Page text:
Inside dark world of Instagram fame that's seeing MORE stalkers targeting models & celebs as 'fan kills Mercedes Morr'

WITH her glamorous posts to her 2.7million followers, Instagram star Miss Mercedes Morr was much loved and regularly contacted by her fans from all over the world.

But her shocking death this week – reportedly at the hands of her alleged stalker – has shone a light on the dark underbelly of online fame and the dangers it can bring.

Model and influencer Morr, whose real name was Jenae Gagnier, 33, was found dead in her Texas home next to the body of Kevin Alexander Accorto, 34, from Florida, on Sunday afternoon.

In an Instagram post on Monday her sister said Accorto had been stalking her.

And her devastated dad Mark said he had warned his daughter about stalkers, saying he was always scared ofher large online following.

"It scared the hell out of me," he told KTRK-TV.

"My monthly conversation is, Jenae you have all these followers. Some probably because they love you, some because they like your look, some more crazy, and some obsessed," he added.

The Pew Research Center found in February that "social media sites are the most common place Americans encounter harassment online."

And data from the UK shows there has been a spike in online stalking since the onset of the pandemic.

Nearly half of those surveyed by The Suzy Lamplugh Trust report their stalking has increased since the onset of Covid-19.


Celebrities including Taylor Sift, Kendall Jenner and Lana Del Rey have all been victims of stalkers and targeted online.

In April one man turned up at Swift's New York City home claiming to be friends with the pop star and said he was communicating with her on social media.

Another was accused of sending the star death threats.

Jenner's alleged stalker Shaquan King was jailed for 180 days in May, TMZ reports.

That came after he was accused of swimming naked at her home.

And singer Del Ray's stalker is said to have written on Facebook as if they were in a romantic relationship together.

One post is said to have read: "I love you so much Lana I can’t wait to be back in your arms in a few days baby."


But it not just models and singers who become targets as a result of their huge online following.

In August Olympic runner Emily Infeld spoke candidly about her struggle with an online stalker.

She described how she had been targeted for three years, ruining her career and leaving her terrified.

Infeld said her stalker, identified as C, first started messaging her Facebook.

They then moved on to calls suggesting they were in a romantic relationship before emailing her with details of "their wedding."

After ramping up her security and informing officials C "stated that he was coming to Portland to kill me."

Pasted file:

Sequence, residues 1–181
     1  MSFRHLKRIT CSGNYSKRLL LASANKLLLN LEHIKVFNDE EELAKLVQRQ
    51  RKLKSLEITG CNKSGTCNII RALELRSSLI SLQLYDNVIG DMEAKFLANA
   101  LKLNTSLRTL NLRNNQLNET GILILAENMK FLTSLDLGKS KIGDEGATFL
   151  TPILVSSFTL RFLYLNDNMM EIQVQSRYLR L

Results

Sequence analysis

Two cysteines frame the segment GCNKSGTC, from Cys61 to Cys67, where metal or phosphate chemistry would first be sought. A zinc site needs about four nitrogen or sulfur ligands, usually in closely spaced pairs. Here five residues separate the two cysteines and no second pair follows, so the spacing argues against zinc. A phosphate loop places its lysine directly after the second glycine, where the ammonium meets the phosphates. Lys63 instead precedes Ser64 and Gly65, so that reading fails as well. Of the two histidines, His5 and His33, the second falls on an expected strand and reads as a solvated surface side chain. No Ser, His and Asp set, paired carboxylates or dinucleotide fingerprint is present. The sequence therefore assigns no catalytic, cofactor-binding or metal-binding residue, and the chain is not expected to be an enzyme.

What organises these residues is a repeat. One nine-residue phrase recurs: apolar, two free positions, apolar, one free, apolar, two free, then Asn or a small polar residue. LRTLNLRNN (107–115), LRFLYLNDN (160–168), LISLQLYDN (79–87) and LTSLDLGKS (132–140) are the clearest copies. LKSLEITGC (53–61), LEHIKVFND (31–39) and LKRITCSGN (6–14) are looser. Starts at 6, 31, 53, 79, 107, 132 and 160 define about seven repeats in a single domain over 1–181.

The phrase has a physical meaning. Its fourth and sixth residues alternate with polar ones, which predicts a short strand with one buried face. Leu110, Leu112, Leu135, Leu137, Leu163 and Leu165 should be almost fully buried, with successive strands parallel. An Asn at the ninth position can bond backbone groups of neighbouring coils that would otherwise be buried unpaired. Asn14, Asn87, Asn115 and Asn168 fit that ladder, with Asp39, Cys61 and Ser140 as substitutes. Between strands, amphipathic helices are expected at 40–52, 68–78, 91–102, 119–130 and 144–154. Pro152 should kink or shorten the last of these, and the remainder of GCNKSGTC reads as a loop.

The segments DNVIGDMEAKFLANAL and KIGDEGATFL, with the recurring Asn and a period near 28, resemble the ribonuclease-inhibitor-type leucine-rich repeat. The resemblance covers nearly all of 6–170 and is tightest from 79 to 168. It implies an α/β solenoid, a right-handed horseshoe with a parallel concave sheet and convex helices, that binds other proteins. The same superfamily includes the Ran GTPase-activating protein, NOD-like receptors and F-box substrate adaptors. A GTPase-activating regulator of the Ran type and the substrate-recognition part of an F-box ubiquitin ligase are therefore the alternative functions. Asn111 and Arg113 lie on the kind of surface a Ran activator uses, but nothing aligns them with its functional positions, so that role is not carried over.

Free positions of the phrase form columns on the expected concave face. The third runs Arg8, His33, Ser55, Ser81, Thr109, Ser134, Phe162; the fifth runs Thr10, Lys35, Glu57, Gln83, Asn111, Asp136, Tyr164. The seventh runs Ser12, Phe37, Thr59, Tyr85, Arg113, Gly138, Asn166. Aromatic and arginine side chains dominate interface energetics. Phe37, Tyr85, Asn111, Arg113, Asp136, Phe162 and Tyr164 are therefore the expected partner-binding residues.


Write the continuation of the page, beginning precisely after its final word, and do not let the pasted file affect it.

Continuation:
She wrote on Runners World: "In April 2018, I suddenly started receiving a barrage of Facebook messages. 

"The email detailed “our wedding” that would take place in a week.

"I was terrified. How did this man have my phone number? How did he know where I lived? And he was planning to come to Portland in a few days for “our wedding”?

"We had installed a security camera outside our front door, along with an alarm system and motion detectors. I didn’t run alone and made sure I was rarely alone."


She noted: "Unfortunately, in most of these situations it’s really hard to apprehend the abuser."

"It’s likely the abuser does not get arrested unless the victim is physically harmed."

In June TikTok star and model Gustė Janušauskaitė, who is based in the US, detailed how she saw her stalker outside her apartment window in a series of terrifying posts.

She said: "I’m watching him watching me.

"This is literally how women die, because nobody listens to us, and we are constantly in danger."

And in February a fitness influencer accused San Antonio man Dominic Christian Dascanio of stalking and threatening to kill her.

He was arrested after the victim told police he started to leave messages on her YouTube page.

Court documents reveal he became "delusional" before showing up at her place of work. He then threatened to kill her, according to the affidavit.

He is currently awaiting indictment, court records show.


A medical examiner said that Gagnier was strangled and suffered a traumatic concussion.

Her alleged stalker Accorto's death was ruled a suicide, with the medical examiner saying his cause of death was "multiple sharp force trauma."

"She was so famous in her world, and so loved in ours," her mother Jeaneta Grover added.

“She’s very cautious about her surroundings,” Grover continued. “Unfortunately, someone basically was stalking, and killed my baby.”

The Sun has contacted Instagram for comment.

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